This video poetically tells the story. Kindly sent to me by Claire of Gredosvivo, bird watching tours in central-western Spain.The video was researched and made by Enrique Sacristán. Also available in Spanish.
The Mallos de Riglos are remarkable, almost sheer rock formations in Huesca, forming part of the foothills of the Pyrenees. The rocks are conglomerates and were formed during the Miocene.
Unsurprisingly, these 300-high cliffs are a Mecca for climbers from around the world, and the little village of Riglós nestled improbably below the rocks does a very nice business in accommodating them. However, some of the most demanding routes require spending a free night in a tiny tent strapped to the bare rock face. I suffer from a degree of vertigo and the idea of waking up half way up the sheer face of Los Mallos is one of my all-time favourite nightmares, though I do get a frisson (and a stiff neck) watching those who dare to climb these looming beasts, each of which has its own name; El Puro, El Pisón, Castilla, Volaos, Cuchillo, Frenchín, Visera and Fire.
The wolf trap just outside Lubián is a remarkable piece of popular architecture designed to capture wolves. It was in operation until the mid-1960s. It is doubtful whether it was ever an efficient way of capturing them, and it must have involved a huge effort on the part of the local population to build and maintain it. Whataver the case, whenever a wolf was found to be killing local sheep, a goat or sheep would be tethered inside the trap. When, an unfortunate wolf jumped in. the high walls prevented it from jumping out and it would be trapped. The church bells in Lubián would rang. The animal would be caught, caged and paraded around the local villages, who would give presents to the Lubians in thanks, as they tormented the condemned animal.
The Arribes del Duero is a stunning gorge separating Spain and Portugal. The gorge cuts through granite rock and runs some eighty kilometres, of which fifty run alongside the Portuguese border, with cliffs rising to more than 200 metres in places. The cliffs support superb birdlife including griffon vultures, golden eagles and black storks are overs. Boat trips starting at Fronteira de Zamora can be arranged. There are also several hydroelectricity dams along the river. Spanish philosopher Miguel de Unamuno described Arribes del Duero as “One of the most beautiful and impressive landscapes in Spain.”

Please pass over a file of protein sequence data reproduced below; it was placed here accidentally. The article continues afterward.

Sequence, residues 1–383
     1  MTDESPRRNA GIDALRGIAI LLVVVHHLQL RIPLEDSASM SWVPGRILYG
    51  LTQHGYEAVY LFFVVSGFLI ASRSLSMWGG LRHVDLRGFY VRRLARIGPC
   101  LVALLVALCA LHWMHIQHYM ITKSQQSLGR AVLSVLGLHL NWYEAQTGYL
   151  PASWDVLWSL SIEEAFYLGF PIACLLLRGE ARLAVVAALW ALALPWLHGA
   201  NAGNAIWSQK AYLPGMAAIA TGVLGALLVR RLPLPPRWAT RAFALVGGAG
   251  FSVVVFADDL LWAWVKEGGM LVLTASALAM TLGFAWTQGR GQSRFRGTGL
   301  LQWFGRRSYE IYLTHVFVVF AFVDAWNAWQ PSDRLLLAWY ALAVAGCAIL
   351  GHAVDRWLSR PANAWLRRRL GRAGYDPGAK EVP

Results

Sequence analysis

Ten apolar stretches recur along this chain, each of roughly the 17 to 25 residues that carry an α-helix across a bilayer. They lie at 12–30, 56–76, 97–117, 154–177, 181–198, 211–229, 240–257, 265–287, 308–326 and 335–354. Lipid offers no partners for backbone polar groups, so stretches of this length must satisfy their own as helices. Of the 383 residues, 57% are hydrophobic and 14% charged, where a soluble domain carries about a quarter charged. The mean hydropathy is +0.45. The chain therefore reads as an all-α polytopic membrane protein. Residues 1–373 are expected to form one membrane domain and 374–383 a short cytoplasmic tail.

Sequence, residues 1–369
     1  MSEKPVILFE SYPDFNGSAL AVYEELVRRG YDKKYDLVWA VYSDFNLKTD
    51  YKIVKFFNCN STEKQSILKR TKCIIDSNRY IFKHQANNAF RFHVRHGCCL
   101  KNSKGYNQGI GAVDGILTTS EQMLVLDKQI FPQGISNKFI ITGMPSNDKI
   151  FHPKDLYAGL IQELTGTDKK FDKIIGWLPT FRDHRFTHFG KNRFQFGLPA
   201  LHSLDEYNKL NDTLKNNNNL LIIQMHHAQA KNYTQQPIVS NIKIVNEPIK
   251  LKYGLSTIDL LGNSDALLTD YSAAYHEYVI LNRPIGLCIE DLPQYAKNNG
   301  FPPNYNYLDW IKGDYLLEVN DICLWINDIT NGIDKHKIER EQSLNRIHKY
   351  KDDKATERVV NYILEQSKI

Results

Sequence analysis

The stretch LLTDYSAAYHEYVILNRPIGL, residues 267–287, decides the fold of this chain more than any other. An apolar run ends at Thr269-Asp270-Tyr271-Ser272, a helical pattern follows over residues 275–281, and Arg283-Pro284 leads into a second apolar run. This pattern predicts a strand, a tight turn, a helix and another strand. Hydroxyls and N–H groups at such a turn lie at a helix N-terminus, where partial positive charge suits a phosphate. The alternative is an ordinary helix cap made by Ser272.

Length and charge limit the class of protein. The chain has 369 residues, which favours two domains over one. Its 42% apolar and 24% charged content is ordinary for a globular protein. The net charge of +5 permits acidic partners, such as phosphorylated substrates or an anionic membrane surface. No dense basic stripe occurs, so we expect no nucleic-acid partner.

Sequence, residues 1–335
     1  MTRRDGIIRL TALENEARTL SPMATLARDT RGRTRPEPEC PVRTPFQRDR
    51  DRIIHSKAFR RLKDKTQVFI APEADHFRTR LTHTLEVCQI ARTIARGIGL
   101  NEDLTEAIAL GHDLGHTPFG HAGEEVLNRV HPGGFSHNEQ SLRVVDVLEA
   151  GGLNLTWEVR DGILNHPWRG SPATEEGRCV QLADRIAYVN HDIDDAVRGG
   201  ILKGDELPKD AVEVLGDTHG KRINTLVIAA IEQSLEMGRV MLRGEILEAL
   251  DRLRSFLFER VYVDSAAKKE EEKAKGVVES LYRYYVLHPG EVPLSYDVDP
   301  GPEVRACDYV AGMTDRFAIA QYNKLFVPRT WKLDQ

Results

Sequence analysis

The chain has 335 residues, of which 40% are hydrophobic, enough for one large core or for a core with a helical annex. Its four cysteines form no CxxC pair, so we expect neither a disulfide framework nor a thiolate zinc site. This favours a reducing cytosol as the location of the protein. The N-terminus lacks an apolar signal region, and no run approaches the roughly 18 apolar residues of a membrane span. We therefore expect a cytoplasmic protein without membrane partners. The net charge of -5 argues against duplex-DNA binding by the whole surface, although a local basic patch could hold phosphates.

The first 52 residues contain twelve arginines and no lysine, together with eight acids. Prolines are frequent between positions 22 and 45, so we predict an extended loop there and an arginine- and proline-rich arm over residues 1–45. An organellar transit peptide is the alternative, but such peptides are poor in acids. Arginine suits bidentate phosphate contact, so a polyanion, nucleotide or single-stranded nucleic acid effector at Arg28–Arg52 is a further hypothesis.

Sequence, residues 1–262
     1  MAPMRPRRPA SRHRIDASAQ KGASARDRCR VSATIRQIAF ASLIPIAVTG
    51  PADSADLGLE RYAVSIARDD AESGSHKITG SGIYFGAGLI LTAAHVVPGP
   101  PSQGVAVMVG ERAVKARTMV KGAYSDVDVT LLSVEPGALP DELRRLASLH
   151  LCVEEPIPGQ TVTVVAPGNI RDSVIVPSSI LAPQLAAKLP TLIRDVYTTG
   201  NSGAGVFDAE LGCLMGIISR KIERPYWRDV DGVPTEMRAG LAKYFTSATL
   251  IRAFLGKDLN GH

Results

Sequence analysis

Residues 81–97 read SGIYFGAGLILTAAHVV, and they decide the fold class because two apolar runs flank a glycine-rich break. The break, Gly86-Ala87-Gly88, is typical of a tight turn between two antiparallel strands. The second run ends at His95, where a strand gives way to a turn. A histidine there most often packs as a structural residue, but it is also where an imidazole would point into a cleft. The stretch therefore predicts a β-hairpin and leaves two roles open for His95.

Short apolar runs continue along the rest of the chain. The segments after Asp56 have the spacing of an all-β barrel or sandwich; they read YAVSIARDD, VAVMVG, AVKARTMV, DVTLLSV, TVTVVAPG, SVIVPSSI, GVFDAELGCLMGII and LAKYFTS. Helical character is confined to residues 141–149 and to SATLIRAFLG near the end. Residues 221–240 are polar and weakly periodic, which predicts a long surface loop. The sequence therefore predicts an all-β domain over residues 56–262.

Arribes del Duero is also a natural park, covering 106.105 ha. Portuguese natural park lies alongside Arribes del Duero. Taking the two parks together, Douro Internacional covers 191.255 ha making it one of the largest protected areas in Europe.
The Tejeda del Sueve in the Sierra de Sueve is probably the largest yew forest in Europe, and one of the oldest forests in the continent. There are some 8,000 yews, many of which are more than 1000 years old, covering some 80 hectars. El Mundo newspaper considered it one of the eight most important forests in Spain.
The Sabinar de Calatanazor is a remarkable forest of Spanish juniper (Juniperus thurifera) in Soria near the village of Calatanazor. Read The Sabinar de Calatanazor is a remarkable forest of Spanish juniper (sabina albar – Juniperus thurifera) in Soria near the village of Calatanazor. The forest is a fenced dehesa grazed by cows preventing undergrowth from developing. Some of these ancient junipers are 20 metres high, and the Sabinar de Calatanazor is, I believe, the largest Juniperus thurifera forest in the world, covering 22ha. More information here
The Spanish juniper is found in Spain, France, Morocco and Algeria, and is Continue reading